Over 700 seals found in first ever Thames Estuary land, sea and air count

First ever count reveals over 700 seals in Thames Estuary

Over 700 seals have been spotted in the Thames Estuary after the first ever count by land, sea, and air.

The count was conducted by the Zoological Society of London (ZSL), and conservationists as well as volunteers spotted 708 grey and harbour seals in the Thames.

Around 500 harbour seals and 200 of the larger grey seals were found in the count, which used boats, aircraft and simple foot power to survey the outer sandbanks of the estuary, as well as small creeks and rivers, reports the Independent.

The survey coincided with the animal's annual sea moult, when the seals head to the sandbanks to shed coats and grow a new layer in time for the colder winter, which made them easier to spot.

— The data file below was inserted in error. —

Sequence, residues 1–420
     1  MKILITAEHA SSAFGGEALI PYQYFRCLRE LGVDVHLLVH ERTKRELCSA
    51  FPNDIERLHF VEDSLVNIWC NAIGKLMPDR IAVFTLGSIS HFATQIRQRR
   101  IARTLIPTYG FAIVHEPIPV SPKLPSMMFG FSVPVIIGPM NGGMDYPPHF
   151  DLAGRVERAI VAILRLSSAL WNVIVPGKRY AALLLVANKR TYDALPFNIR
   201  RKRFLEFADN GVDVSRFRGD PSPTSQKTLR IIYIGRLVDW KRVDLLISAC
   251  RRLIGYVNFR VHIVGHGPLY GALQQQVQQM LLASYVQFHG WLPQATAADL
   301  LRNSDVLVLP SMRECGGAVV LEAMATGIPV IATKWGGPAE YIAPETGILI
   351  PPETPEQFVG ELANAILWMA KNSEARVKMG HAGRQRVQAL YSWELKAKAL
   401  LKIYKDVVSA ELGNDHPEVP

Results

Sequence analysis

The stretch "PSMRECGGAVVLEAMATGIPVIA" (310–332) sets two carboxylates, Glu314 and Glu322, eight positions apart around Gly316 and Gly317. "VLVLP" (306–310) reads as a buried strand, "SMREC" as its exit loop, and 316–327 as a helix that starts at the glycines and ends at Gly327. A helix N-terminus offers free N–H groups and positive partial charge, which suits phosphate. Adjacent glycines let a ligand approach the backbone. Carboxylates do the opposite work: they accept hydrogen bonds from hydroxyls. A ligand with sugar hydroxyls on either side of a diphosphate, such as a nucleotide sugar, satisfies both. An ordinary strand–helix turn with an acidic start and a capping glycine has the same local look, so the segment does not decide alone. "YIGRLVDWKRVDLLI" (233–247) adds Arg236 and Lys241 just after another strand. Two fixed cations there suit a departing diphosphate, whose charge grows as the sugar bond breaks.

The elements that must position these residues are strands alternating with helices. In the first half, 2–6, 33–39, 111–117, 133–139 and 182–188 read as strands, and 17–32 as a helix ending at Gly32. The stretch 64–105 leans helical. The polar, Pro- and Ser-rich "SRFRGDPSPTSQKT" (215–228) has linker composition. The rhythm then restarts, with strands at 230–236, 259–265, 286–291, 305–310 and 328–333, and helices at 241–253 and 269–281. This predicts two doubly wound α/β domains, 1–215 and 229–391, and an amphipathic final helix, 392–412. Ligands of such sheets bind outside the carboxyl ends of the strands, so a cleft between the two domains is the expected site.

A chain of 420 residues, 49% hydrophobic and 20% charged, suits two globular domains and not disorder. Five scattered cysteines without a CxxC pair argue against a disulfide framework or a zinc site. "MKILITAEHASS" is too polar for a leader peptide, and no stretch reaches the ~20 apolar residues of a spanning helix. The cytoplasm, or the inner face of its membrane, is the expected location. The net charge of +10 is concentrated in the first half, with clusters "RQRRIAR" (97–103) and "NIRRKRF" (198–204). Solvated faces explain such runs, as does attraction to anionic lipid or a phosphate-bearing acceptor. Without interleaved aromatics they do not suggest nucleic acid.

Stephen Mowat, ZSL's Thames Projects Manager told the Daily Telegraph: "The harbour seal population in south-east England is the least understood in the country. As well as the survey, we are urging members of the public to report sightings of seals and other marine mammals to us."

And ZSL's conservation scientist Joanna Barker told the Independent: "We knew there were a lot of seals in the Thames but 708 is pretty incredible.

"Now we know the numbers and where they are, it can help with conservation".

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